From Linux 6.1 to 6.5, a patch has been included to fix the StackRot vulnerability

Vulnerability in Linux

Whatever operating system we use, it is worth always having it well updated. And, make no mistake, this does not mean that you have to use one that uses the latest packages out of necessity. There are distributions that use slightly older software that are responsible for applying the patches on their own, backporting everything important. For example, the kernel, which this week received a major patch on Linux versions ranging from 6.1 to 6.5.

Right now, Linux 6.5 has not even seen its first Release Candidate published, but its news already includes a patch that corrects a vulnerability that has been disclosed under the name of StackRot. StackRot is a privilege escalation vulnerability in Linux that hasn't been talked about until a few hours ago. It affects Linux 6.1 and later, so the kernel maintainers team released the patch without making much noise. Versions that already arrived last week are not affected.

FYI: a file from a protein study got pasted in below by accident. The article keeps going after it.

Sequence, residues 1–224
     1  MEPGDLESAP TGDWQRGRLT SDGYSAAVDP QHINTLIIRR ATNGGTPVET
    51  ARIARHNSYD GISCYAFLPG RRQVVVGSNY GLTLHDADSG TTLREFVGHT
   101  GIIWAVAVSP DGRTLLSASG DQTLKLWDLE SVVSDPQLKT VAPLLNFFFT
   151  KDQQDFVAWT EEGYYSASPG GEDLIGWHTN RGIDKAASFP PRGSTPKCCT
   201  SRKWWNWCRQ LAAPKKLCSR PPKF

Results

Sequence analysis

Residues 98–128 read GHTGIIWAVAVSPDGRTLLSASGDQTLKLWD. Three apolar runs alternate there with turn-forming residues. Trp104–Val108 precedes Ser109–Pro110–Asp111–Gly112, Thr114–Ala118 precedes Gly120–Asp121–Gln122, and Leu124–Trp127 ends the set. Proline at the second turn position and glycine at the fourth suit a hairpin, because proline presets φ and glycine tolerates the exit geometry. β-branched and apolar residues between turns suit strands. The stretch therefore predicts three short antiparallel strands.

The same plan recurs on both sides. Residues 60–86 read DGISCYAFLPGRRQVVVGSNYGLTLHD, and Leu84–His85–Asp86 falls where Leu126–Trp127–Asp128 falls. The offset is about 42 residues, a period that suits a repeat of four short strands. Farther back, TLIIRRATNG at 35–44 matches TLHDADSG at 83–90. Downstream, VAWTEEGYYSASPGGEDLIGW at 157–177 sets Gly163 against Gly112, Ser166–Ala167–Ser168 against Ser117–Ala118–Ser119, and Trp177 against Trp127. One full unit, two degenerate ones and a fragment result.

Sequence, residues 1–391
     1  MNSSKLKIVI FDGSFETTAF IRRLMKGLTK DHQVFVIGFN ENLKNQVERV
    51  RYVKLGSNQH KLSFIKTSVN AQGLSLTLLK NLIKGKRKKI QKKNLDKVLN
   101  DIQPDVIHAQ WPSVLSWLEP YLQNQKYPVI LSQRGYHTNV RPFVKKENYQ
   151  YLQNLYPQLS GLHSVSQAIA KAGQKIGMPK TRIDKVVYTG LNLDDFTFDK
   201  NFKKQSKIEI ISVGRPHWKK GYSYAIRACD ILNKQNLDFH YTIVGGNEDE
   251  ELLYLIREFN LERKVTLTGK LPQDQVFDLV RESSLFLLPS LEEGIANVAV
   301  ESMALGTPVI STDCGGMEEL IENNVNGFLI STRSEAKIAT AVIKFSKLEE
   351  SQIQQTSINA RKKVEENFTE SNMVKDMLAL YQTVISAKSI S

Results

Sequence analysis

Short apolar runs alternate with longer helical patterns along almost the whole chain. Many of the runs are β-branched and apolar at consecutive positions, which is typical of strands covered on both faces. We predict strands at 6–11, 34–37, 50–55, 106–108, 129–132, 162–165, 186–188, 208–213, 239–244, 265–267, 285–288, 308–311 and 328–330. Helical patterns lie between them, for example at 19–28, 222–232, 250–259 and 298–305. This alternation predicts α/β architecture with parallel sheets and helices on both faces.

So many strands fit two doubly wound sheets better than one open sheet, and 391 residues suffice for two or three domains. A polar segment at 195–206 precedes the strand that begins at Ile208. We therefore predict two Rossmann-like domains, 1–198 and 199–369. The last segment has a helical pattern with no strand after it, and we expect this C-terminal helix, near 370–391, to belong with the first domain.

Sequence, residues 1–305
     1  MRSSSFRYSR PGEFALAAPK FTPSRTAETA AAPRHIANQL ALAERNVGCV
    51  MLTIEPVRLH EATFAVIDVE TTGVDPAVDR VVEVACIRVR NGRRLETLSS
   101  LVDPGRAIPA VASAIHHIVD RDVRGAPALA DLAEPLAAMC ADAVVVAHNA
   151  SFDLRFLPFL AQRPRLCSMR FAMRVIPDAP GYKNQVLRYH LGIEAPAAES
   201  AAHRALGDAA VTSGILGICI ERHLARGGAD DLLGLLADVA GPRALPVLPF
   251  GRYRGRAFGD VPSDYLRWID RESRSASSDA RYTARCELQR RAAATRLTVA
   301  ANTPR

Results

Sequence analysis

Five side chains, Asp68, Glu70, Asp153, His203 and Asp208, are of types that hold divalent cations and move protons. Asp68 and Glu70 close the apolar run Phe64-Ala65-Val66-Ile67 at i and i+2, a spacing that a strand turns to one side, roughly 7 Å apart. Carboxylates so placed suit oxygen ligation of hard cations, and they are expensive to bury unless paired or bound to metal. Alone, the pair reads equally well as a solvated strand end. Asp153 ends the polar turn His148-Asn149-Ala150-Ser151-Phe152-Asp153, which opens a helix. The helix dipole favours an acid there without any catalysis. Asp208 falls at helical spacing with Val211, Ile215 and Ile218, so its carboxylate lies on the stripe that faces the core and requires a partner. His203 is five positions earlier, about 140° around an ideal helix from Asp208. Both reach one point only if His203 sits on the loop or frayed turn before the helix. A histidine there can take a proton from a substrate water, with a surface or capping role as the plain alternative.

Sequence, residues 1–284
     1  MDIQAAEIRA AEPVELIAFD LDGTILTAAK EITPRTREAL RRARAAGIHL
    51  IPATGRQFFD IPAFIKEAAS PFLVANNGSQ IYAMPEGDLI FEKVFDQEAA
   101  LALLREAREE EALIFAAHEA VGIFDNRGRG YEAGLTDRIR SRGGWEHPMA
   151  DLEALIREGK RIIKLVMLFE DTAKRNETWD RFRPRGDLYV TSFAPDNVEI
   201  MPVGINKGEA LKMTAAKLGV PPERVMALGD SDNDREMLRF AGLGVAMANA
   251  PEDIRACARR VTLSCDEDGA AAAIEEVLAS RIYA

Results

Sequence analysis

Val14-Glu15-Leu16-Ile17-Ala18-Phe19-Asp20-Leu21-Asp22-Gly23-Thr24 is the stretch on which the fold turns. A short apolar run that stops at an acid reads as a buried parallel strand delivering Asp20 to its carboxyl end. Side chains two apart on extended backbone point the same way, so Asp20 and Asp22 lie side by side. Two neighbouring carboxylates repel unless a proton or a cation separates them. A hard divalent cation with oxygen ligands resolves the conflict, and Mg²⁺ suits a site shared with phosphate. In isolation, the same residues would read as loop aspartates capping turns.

Upgrade your Linux 6.1+ when possible

StackRot does its tricks inside the memory management code and is therefore highly exposed in the affected wide kernel configurations. The worst thing is that we are talking about a vulnerability that exists since September 2022, when the VMA tree was moved to the Mapple Trees structure. The versions that correct the bug are Linux 6.1.137, 6.3.11, 6.4.1 and the 6.5 that is now receiving requests. Linux 6.2 it is no longer supported, so it is not listed.

In most cases, Linux distributions will push new kernel versions or apply their own patches based on those of the official versions. Those who have installed the kernel on their own should update as soon as possible.

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  1.   Miguel Rodriguez said

    WTF?! Has it existed since September 2023 when we are in July 2023? It must be the work of the Reverse Flash, alias Ezra Miller...